Over our years of working within insolvency, we have been asked many questions by people facing Bankruptcy or who are already Bankrupt. When designing this website, we thought that it would be best to summarise those queries that have been raised most frequently. If you have a question that you would like to ask, please contact us. We will be happy to reply to you directly and keep this page updated.
Who is it that decides that I should be made Bankrupt ?
It always used to be that the Court made you Bankrupt, if that was the decision of a Judge. The petition to Court could be made either by you if you believe you are insolvent or by a creditor if you owe them more than £5,000.
Now, if you wish to declare yourself Bankrupt, you can make an application online at the Insolvency Service website. It does cost you and the price is currently £680. Your application will be considered by an adjudicator.
What happens to me if I am made Bankrupt ?
Initially, all of your assets will come under the control of the Official Receiver ("OR"). If there are enough assets he may consider passing your Bankruptcy to an IP, like us at Sadlers, who will become your Trustee.
You will also have to comply with various restrictions concerning what can and can’t do whilst Bankrupt and your name will be put on the Individual Insolvency Register Individual Insolvency Register.
How does a Trustee get appointed ?
The OR may call a meeting of creditors or the Secretary of State may pass your case to the next IP on a rota.
Will I lose all my assets ?
No you will be allowed to keep household goods, tools of your trade and, normally, a car unless it is very expensive.
What if my car is expensive ?
There are provisions in the Insolvency Act 1986 that allow a Trustee to take possession of any item of significant value and replace it with something more modest. This could apply to a car or, equally, to an antique table.
Who has first claim on money raised by selling my assets ?
The order of priority for paying out of a Bankruptcy estate are set out in the Insolvency Rules. Generally, they go to the petitioning creditor, if any, for their costs, the costs of the OR, taxation, expenses, the costs of the Trustee and then the creditors. If an asset has a charge to a creditor, such as a mortgage on a property, that creditor jumps the queue.
Do I have to lose my home ?
Not if it’s rented.
If you own your home, the OR or Trustee will consider whether it is worth more than the mortgage secured upon it. If it is, it is not definite that the property will be sold. You will usually have at least 12 months to put forward an offer to buy out the equity and keep the property.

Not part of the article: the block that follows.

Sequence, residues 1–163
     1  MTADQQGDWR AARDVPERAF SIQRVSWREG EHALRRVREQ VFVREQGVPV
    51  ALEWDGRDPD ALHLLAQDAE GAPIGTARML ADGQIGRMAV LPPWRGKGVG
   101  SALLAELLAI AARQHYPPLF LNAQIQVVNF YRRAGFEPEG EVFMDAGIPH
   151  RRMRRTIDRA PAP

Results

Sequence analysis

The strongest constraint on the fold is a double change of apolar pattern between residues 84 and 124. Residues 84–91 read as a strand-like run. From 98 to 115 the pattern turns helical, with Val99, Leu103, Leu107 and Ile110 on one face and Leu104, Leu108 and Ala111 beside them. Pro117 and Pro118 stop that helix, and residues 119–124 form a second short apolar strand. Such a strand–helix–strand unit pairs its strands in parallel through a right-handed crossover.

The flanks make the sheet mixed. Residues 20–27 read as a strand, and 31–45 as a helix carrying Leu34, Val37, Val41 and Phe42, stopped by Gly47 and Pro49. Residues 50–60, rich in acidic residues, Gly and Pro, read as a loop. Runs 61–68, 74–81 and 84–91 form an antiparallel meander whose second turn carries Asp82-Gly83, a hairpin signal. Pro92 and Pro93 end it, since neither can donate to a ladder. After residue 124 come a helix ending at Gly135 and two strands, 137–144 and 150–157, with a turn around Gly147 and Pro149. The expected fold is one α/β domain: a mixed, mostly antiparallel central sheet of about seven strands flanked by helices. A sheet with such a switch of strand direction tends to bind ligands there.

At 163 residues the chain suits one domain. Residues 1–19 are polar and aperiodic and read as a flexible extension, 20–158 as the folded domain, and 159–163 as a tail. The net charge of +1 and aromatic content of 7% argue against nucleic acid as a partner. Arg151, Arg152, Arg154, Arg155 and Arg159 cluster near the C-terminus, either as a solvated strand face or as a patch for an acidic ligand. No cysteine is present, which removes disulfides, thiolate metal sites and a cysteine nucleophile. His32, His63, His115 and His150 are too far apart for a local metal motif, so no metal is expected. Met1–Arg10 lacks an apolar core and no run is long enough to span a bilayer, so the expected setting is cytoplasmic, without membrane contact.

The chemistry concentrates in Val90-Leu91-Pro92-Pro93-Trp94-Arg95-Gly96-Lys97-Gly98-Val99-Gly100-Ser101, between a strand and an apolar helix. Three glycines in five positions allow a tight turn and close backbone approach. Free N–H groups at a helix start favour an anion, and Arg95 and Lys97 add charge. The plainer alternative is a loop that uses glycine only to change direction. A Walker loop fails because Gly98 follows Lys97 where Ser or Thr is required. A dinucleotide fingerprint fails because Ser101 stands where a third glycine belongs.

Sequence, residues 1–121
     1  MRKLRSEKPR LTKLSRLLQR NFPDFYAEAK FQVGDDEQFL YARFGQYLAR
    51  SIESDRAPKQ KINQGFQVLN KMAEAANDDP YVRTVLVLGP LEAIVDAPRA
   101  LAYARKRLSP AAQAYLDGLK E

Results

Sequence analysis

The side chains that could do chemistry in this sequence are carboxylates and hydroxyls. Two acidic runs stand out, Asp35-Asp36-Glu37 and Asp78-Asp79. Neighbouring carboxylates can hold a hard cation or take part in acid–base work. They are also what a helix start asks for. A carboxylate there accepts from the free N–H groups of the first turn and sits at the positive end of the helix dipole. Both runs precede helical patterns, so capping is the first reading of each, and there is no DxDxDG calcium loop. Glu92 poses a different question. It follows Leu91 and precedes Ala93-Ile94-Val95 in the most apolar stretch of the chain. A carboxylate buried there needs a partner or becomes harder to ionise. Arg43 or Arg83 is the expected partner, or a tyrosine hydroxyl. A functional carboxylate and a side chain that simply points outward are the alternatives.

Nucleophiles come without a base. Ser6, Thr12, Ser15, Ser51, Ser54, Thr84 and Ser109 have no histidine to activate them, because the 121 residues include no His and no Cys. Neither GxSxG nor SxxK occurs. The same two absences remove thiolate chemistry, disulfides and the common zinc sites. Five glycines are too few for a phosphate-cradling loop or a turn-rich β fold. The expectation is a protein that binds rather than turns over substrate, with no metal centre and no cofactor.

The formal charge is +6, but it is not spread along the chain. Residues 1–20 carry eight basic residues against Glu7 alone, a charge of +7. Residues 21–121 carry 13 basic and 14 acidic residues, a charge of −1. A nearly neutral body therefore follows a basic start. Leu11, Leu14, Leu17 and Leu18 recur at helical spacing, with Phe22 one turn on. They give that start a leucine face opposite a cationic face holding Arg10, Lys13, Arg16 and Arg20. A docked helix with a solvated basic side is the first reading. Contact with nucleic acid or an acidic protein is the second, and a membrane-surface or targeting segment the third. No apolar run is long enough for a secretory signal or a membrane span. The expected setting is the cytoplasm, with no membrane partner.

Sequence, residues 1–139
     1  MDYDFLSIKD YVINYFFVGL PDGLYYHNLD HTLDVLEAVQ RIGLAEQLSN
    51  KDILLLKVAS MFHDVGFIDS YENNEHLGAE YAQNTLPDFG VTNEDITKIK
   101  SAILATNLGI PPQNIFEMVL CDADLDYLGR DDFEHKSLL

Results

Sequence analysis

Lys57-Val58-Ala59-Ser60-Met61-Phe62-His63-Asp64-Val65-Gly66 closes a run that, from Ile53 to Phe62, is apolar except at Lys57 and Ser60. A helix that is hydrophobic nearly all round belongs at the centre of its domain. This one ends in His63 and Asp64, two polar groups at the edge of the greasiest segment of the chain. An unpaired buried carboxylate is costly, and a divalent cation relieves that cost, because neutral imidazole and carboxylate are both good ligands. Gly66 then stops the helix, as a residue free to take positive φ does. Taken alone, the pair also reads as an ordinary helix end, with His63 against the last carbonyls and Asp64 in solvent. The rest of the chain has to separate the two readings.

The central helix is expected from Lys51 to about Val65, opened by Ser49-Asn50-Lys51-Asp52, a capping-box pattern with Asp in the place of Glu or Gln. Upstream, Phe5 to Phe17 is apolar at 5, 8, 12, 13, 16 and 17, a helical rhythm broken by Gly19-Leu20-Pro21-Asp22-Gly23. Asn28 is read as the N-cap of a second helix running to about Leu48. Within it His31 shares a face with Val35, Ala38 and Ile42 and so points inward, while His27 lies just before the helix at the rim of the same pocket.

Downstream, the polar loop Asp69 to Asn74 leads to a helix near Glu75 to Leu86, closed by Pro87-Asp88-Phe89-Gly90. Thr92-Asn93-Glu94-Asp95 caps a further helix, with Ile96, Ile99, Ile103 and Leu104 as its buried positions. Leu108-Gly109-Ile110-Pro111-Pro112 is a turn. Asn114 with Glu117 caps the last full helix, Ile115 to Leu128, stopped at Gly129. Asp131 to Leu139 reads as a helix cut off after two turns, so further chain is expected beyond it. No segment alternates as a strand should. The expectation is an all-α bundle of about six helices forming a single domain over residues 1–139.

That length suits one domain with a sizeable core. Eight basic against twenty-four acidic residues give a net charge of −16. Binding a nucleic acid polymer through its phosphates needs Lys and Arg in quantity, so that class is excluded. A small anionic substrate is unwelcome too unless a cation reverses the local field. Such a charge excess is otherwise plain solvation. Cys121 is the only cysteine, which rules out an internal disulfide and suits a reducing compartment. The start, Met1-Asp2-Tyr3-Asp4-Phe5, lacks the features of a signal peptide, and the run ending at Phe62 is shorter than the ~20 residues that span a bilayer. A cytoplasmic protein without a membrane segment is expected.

The Trustee is required by law to take steps to recover your interest in your home within three years. If they don’t the interest will revert to you and you can keep the property.
Will I be Bankrupt for life ?
Not if you play by the rules. A Bankrupt will normally be discharged after 12 months and any unpaid debts are then written off. However, the OR can apply for a Bankruptcy Restrictions Order (BRO) if they think that your conduct prior to or during your Bankruptcy falls below the standard expected. For example: if you do not declare an asset.
If I get a BRO, what can and can’t I do ?
A BRO will last for between two and fifteen years. The exact rules for your situation will be set out in the Order but during that time you are likely to face restrictions on what you can borrow. You are unlikely to be allowed to be a director too.
So, if I can’t pay my debts, do I have to go Bankrupt ?
No. You should speak to us and we will assess whether you may be suitable for a Debt Relief Order or an Individual Voluntary Arrangement (IVA).
I’m already Bankrupt, but think that I shouldn’t be.
All is not lost. You should contact us immediately. We will be able to advise you if you could apply for the Bankruptcy Order to be set aside, seek an annulment, or even still propose an IVA.
What does it mean to set aside the Bankruptcy Order ?
If the Order shouldn’t have been made by the Judge, for various technical reasons, then you can ask the Court to put you back in the same position as before the Order was granted.
How does setting a Bankruptcy Order aside differ from an annulment ?
If you apply for an annulment, you’re not saying that the Order making you Bankrupt was wrong, you’re simply showing that you have enough assets to pay all your debts and the costs of the Bankruptcy.
Something we’ve not covered yet ? Send us a query via our contact page and we’ll answer you and add it to this section too.